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A tiebreaker vote by Washington County Judge-Executive John Settles kept the county out of potential legal trouble on Friday during a special-called meeting.
During a discussion of the reapportionment process, which involves redrawing magisterial lines in order to evenly distribute the population in each district, magistrate Morris Sweazy made a motion to end the reapportionment process with no action taken. Magistrate Terry Tingle seconded the motion.
Prior to reapportionment discussion, Settles read a letter from Rich Ornstein, an attorney with the Kentucky Association of Counties, to the members of the fiscal court.
“Assuming that Washington County chooses not to reapportion, Washington County could face potential ramifications,” Ornstein wrote. “The first concern would be a Voters’ Rights Action in Federal Court. The court could mandate that you reapportion and require the county to pay significant court costs and attorney’s fees.”
Ornstein proceeded to outline other ramifications.
“Second, it is foreseeable that a citizen or a losing candidate could choose to file suit after the next magisterial election resulting in the magisterial election being thrown out. That could also result in significant costs,” Ornstein wrote.
If the court were to vote to take no action, it could also leave them legally vulnerable.
“Finally, should Washington County choose to do nothing, the county fiscal court members could face a charge of ‘willful neglect in the discharge of official duties (KRS 61.170). The result could include a fine and removal from office,” Ornstein wrote.
Despite having heard this information, the motion to make no changes to the magisterial lines was made and seconded.
Settles requested a roll call vote from the magistrates.
Three magistrates and Settles were against no action, while three magistrates were for taking no action.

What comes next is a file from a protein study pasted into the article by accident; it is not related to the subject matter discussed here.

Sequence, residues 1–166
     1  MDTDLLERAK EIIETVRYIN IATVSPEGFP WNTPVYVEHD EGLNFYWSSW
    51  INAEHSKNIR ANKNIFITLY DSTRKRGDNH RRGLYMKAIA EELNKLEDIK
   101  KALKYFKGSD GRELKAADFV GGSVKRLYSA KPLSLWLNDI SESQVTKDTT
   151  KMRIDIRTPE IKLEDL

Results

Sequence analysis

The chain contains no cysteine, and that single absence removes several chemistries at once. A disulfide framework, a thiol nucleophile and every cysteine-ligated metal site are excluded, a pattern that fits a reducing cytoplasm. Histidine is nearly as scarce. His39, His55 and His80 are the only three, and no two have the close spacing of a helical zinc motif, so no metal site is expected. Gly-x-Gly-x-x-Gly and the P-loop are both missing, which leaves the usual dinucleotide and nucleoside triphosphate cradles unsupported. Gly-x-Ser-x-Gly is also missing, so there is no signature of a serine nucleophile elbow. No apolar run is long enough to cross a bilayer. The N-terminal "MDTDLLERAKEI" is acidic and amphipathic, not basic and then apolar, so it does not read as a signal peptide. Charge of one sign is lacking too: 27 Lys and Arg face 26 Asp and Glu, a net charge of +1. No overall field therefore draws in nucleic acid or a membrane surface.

Settles was the final and deciding vote.
Sweazy, Greg Simms and Terry Tingle voted to proceed without redrawing the magisterial lines.
Hal Goode, Billy Riney, Benjamin Settles and John Settles voted against taking no action.
Ornstein’s letter further explained why it was legally necessary to redraw the magisterial lines.
“As you know from prior discussions, the general rule of thumb is that magisterial districts may not deviate in population in excess of 10 percent from largest to smallest district,” he wrote. “Failure to stay within that 10 percent deviation could be held to be a violation of the U.S. Constitution’s 14th Amendment Equal Protection Clause.”
The Springfield Sun reported on Aug. 9 that the difference between the largest and smallest district in the county was over 24 percent.
The Sun also reported that the Lincoln Trail Area Development District (LTADD) presented a redrawn map to the court that would cause Goode and Sweazy to both be residents of district four.
Sweazy voted not to accept that report at the Aug. 8 meeting, and voiced his opposition of the possibility of having to run against Goode in a future election.
No changes were made to magisterial lines in 2001, when the last census was taken.
The court has 60 days to approve, disapprove or recommend changes to the report. That 60 days began on Aug. 8. That timeline also has to allow for a first and second reading.
Roads were also of interest in the discussion.
Goode asked the court if there was interest in forming a county road plan, and later asked Settles to see templates on how other counties set up such committees.
Riney asked to see the percentage of roads each magistrate would have under the current and new proposals.
The court dismissed without further discussion of reapportionment and without setting a date to hold future discussions in a workshop atmosphere.
County road employees
Three new employees were hired to work for the county road department during Friday’s special called meeting.
Troy Adam Williams and Jarrod Christopher Russell were hired as seasonal workers to help the county with roadside mowing.
James David Skimmerhorn was hired as a full-time employee to replace the outgoing Mike Chesser.
Candidates were required to possess a CDL license in order to qualify for the position.
Payment for asphalt bills was put on hold at the previous fiscal court meeting, due to accounting discrepancies.
Some asphalt bills were duplicated in the billing process.
The original amount was over $540,000. The corrected amount was $383,826.
On Friday, the correct amount was paid to Nally and Haydon Surfacing.
The next regular scheduled meeting is set for Sept. 12.